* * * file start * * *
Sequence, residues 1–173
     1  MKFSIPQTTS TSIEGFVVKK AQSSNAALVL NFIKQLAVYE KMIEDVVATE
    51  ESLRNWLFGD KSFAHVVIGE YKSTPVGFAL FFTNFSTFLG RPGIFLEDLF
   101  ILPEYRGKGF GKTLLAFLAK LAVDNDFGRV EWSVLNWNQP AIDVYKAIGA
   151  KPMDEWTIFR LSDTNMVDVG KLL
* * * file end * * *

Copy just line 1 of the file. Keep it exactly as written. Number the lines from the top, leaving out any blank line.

Sequence, residues 1–173